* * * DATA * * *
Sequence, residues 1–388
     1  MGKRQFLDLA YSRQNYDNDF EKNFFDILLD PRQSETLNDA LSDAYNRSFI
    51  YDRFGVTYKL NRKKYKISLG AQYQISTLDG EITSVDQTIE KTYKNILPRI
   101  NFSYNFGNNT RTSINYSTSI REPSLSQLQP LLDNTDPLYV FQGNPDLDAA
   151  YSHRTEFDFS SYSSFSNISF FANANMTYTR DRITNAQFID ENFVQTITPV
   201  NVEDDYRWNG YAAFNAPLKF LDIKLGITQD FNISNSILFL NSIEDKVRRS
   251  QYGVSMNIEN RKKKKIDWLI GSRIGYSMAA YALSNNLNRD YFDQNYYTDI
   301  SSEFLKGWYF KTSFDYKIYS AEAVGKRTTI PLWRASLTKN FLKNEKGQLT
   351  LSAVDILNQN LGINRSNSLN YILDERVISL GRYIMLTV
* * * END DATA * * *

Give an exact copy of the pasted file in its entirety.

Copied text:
Sequence, residues 1–388
     1  MGKRQFLDLA YSRQNYDNDF EKNFFDILLD PRQSETLNDA LSDAYNRSFI
    51  YDRFGVTYKL NRKKYKISLG AQYQISTLDG EITSVDQTIE KTYKNILPRI
   101  NFSYNFGNNT RTSINYSTSI REPSLSQLQP LLDNTDPLYV FQGNPDLDAA
   151  YSHRTEFDFS SYSSFSNISF FANANMTYTR DRITNAQFID ENFVQTITPV
   201  NVEDDYRWNG YAAFNAPLKF LDIKLGITQD FNISNSILFL NSIEDKVRRS
   251  QYGVSMNIEN RKKKKIDWLI GSRIGYSMAA YALSNNLNRD YFDQNYYTDI
   301  SSEFLKGWYF KTSFDYKIYS AEAVGKRTTI PLWRASLTKN FLKNEKGQLT
   351  LSAVDILNQN LGINRSNSLN YILDERVISL GRYIMLTV